Sarah Hallberg, chair of the Nutrition Coalition’s Scientific Council, took her breakthrough research on reversing type 2 diabetes to Congress last month. In a briefing to the bipartisan “Food As Medicine” group in the House, Dr. Hallberg detailed results from the large, university-based controlled clinical trial she leads, which reversed T2 diabetes in 60% of participants after just one year on a very low-carb diet.
The Nutrition Coalition applauds a recent move by the U.S. Department of Agriculture (USDA), following advice by the National Academies of Sciences, Engineering and Medicine (NASEM), to ensure a greater diversity of viewpoints on the expert panel that advises Americans on what to eat. This reform is long overdue.
An analysis of the last advisory committee to the Dietary Guidelines for Americans, our nation’s top nutrition policy, reveals little diversity of opinion on key dietary issues among the committee’s 14 members.
Earlier this month, the agencies responsible for the U.S. Dietary Guidelines for Americans quietly dismissed improvements suggested by the National Academies of Sciences, Engineering and Medicine, to increase transparency of the DGA Advisory Committee and manage member biases.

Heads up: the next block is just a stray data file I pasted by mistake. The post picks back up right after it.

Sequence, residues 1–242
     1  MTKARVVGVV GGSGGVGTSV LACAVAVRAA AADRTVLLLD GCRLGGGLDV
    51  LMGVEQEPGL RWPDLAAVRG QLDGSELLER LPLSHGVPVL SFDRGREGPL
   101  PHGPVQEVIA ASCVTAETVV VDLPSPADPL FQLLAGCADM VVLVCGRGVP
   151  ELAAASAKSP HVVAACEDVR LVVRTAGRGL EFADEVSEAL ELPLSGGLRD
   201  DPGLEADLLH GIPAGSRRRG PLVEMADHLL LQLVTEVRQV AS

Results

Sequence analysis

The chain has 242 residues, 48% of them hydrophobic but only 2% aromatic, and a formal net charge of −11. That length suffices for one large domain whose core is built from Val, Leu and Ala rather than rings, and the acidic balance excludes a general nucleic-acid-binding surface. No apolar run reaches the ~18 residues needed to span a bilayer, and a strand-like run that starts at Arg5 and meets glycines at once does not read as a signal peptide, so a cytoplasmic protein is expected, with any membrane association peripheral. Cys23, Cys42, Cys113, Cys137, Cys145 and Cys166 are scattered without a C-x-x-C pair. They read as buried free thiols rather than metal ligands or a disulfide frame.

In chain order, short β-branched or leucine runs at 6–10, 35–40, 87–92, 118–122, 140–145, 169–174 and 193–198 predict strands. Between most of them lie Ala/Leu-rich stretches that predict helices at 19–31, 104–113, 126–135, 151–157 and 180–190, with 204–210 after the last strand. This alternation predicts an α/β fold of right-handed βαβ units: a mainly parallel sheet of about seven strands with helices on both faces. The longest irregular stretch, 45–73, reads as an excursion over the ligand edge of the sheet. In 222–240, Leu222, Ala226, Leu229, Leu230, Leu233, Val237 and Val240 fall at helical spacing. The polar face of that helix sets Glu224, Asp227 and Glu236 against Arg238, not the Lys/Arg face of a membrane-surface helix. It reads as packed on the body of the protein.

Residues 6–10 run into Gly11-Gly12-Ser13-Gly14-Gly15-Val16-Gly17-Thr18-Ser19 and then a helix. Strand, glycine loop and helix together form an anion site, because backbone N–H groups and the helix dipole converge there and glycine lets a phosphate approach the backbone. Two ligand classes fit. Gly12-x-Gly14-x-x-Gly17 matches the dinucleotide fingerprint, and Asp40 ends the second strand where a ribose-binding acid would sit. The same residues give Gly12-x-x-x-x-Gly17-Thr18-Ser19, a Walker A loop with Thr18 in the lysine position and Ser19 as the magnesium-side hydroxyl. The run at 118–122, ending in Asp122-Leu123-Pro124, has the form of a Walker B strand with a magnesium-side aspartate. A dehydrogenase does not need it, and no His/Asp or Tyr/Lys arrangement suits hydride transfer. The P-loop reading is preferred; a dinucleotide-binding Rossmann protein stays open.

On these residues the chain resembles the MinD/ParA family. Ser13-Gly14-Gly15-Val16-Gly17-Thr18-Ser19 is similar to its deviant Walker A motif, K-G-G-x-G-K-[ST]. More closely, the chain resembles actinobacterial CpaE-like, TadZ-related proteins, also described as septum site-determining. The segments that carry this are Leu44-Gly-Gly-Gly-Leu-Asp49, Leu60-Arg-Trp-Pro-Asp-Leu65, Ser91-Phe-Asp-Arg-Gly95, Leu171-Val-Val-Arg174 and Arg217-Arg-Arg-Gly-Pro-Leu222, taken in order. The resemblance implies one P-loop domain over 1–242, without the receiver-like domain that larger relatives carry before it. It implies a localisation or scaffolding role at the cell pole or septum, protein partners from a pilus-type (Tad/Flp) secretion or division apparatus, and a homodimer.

The clock is ticking to submit candidates for what is arguably the most important group of nutrition experts on Earth. On September 5, USDA-HHS announced that they were opening a 1-month candidate nomination period for the advisory committee of the 2020-2025 Dietary Guidelines for Americans.
A new book by the global advocacy arm of the world’s largest pasta maker argues for a plant-based diet, rich in fruits, vegetables and grains--including pasta—to improve both health and environmental sustainability.
Guest post by Mark Cucuzzella, MD
Last month, I wrote an article which was featured in Salon about the growing epidemic of sugary drinks in hospitals. While experts generally agree that sugary drinks like soda, sport drinks, and punches contribute to chronic illnesses and obesity, these beverages remain prevalent in most healthcare facilities…
Can a blood test tell you what diet is best for your body?
That's what some companies are claiming. Currently trending in an era of personalized nutrition are diets tailored to a patient's DNA.
"There is no such thing as a miracle diet, but if there's a miracle meeting, this is it." That was how Fiona Godlee, editor-in-chief of The BMJ, introduced the "Food for Thought" conference. The event, co-sponsored by The BMJ and global reinsurer SwissRe, took place last week in Zurich, Switzerland.
Many Americans appear to be ditching low-fat diets for higher-fat foods in hopes of improving heart health and losing weight -- according to a recent survey by the International Food Information Council (IFIC) Foundation on more than 1,000 Americans, ages 18 to 80.